Politics: Hang in there, Charlie
Charlie Haughey has been of the belief in recent months, we understand, that the election could be run and won on a one issue platform - the one issue being the Northern Ireland question. This proves, once again, that politicians never learn anything from past experience. Jack Lynch tried that one on in 1973 and came a cropper as prices and jobs took over as the main themes of the campaign after the first week. Prices and jobs will always be the, central questions for these are tangible factors in the lives of the electorate - for the most part the Northern Ireland issue is an abstraction.
But even if there had been any hope of playing the Northern Ireland card as a trump in an election, the EEC summit has ended that. Haughey can no longer convince the electorate that there is something significant and historic going on in the talks between him and Mrs. Thatcher, even though there very probably is.
Charlie Haughey has a credibility problem at the best of times. Now in the worst of times - i.e. those in which he is being "assisted" by Brian Lenihan - that problem is all the more acute. There is no chance of his winning an election on the basis of the electorate's trust in his personal handling of any critical issue - he can win only on the basis of performance. On this criteria his chances of success are slender.
In the March issue of Magill we argued that the opinion polls, contrary to the impression apparently created, show that there is a very considerable swing against Fianna Fail. While the polls on voting intentions show the Opposition parties and Fianna Fail apparently neck and neck, the high "don't know" factor (running around 20 per cent) disguises the reality of a substantial swing to the Fine Gael and Labour parties. Almost two people out of three are dissatisfied with the performance of the Government; the situation is even worse in the key "swing" sectors of the electorate - i.e. among the middle classes, the large farmers and the Dublin region. This cannot be surprising given the high rate of inflation over the last two years and the record level of unemployment.
One factor that seemed to favour Fianna Fail was the electorate's memory of the Coalition's performance in Government which scare them off voting for Fine Gael or Labour, believing them to be even worse. The polls refute that contention. Forty one per cent believe an alternative Government under Garret FitzGerald would handle the economic affairs of the country better, as compared with thirty four per cent who believe that the present Government would do a better job. On the crucial issue of prices, forty three per cent believe that an alternative Government would do better as compared with just twenty seven per cent who believe the present Government would.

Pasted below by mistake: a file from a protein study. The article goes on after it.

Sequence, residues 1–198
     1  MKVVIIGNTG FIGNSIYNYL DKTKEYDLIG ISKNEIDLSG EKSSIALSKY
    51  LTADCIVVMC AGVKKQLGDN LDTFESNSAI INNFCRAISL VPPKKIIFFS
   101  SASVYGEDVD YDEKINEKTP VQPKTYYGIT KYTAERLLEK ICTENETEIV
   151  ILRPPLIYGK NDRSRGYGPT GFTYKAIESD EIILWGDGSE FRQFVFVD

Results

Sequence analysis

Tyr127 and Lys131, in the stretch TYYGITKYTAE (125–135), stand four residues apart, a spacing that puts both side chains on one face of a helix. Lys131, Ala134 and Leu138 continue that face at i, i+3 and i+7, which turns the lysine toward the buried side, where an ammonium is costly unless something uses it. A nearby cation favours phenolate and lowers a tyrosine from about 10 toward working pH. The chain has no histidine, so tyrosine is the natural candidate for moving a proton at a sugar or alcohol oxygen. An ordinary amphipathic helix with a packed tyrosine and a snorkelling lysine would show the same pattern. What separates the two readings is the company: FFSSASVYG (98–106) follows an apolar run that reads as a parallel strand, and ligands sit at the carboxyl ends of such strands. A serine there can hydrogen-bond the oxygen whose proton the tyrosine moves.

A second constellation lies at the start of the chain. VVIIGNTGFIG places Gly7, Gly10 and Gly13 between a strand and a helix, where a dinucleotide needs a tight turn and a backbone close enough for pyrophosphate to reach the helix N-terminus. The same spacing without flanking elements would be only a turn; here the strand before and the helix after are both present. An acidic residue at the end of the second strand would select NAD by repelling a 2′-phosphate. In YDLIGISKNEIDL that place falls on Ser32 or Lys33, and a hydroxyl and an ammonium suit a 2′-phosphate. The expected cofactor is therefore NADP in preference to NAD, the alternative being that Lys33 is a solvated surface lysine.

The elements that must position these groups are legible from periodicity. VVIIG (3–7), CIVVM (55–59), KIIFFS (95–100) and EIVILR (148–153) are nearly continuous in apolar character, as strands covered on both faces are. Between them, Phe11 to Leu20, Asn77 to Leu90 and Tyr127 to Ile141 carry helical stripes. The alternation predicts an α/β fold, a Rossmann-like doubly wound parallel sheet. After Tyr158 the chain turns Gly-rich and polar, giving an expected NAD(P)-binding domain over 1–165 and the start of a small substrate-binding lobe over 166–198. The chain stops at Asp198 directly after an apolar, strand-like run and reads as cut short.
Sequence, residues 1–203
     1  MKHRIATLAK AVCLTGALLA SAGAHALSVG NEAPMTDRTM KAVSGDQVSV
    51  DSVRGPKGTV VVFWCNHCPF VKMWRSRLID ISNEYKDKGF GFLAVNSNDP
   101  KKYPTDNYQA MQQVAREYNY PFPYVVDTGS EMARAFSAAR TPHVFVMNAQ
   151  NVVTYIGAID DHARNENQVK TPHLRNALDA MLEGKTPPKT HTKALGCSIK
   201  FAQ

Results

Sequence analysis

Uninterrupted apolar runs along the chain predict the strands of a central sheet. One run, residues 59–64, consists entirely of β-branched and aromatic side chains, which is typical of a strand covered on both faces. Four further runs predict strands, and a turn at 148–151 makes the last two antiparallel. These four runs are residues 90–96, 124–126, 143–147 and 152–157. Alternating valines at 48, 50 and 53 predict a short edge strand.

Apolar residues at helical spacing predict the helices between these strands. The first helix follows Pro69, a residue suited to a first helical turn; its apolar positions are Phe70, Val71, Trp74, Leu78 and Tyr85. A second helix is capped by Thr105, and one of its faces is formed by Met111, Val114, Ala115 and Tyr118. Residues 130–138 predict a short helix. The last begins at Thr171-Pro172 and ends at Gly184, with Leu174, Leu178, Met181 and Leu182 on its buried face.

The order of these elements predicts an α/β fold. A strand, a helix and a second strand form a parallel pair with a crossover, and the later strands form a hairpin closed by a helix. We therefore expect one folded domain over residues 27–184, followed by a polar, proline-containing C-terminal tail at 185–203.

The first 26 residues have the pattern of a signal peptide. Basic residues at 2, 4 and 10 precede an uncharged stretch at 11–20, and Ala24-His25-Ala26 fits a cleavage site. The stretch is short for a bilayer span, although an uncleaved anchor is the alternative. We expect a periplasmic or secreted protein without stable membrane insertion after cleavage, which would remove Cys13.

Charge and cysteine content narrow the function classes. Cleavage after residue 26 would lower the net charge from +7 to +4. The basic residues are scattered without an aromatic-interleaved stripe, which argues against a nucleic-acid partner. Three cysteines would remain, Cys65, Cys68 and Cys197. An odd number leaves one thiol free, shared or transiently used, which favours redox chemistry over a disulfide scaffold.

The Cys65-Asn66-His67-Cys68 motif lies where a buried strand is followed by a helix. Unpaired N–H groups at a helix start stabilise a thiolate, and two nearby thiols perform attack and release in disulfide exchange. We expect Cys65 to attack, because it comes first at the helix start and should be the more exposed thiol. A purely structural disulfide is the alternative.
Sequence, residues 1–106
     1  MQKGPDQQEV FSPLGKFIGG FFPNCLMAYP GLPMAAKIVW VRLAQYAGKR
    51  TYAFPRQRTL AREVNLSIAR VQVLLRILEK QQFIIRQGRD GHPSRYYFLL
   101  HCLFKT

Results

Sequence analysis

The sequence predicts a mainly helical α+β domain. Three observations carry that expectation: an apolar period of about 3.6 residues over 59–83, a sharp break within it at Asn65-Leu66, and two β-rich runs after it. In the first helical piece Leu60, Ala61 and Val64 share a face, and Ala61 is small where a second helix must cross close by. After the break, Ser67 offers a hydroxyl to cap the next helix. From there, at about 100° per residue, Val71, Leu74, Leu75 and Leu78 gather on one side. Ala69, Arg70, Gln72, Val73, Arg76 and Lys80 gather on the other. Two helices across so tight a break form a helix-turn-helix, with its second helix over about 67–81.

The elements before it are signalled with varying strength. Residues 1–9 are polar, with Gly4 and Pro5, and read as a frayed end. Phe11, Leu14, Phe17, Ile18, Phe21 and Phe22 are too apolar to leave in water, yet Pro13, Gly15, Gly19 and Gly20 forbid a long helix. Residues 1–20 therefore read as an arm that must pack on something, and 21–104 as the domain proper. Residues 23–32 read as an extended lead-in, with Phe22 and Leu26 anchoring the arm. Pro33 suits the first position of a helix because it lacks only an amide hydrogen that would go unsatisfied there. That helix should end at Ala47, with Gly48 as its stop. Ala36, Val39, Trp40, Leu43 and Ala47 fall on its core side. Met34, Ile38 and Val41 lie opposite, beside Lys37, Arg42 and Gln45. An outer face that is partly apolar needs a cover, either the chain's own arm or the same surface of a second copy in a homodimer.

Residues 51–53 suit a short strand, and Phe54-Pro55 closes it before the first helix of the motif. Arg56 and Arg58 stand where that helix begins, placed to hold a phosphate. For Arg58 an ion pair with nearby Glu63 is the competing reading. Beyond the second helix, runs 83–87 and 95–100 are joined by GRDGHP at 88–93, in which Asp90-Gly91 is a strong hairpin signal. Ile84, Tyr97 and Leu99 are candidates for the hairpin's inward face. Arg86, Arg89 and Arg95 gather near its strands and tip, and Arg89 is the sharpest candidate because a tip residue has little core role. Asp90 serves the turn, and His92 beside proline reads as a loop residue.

While the indications clearly are that Fianna Fail would lose an election now - it might well be a landslide against them akin to that in Fianna Fail's favour in 1977 - all is not lost. There are signs that some of the large constituencies, notably Carlow-Kilkenny, Meath, Wexford, Kildare, etc., could be swung back within the Fianna Fail fold and some seats saved if Fine Gael's alliance with Labour is played up. The farmers are frightened out of their wits by Labour.
Haughey obviously believes that a sizeable package from Brussels will bring back the farmer vote but the size of that package, even if it amounts to 12 per cent, will be insignificant in terms of the drop in,income the farmers have suffered over the last year and will therefore make little difference. He would be better off showing up the contradictions in the Fine Gael alliance with Labour and its wooing of the farming vote.
Then there is the problem in Cork city and county. He should devote a lot of personal attention to this region over the next few months and try to cajole Jack Lynch back as a candidate in one of the Cork city constituencies, where he would certainly ensure an extra seat for Fianna Fail and possibly influence the vote elsewhere.
But above all Charlie Haughey should hang on. There is nothing to be lost be deferring the election until 1982 - the situation could not possibly be worse. In another year's time he may have got the economy moving again, inflation may be down and unemployment may have dropped. In the meantime he should cut out all the ridiculous publicity gimmicks, put a gag on Brian Lenihan, Tommy McEllistrum and a few others and start governing the country for a change instead of running a covert election campaign. It would also help if he indicated strongly that there was not going to be an election this year - then his every word and action would not be viewed in crude electoral terms.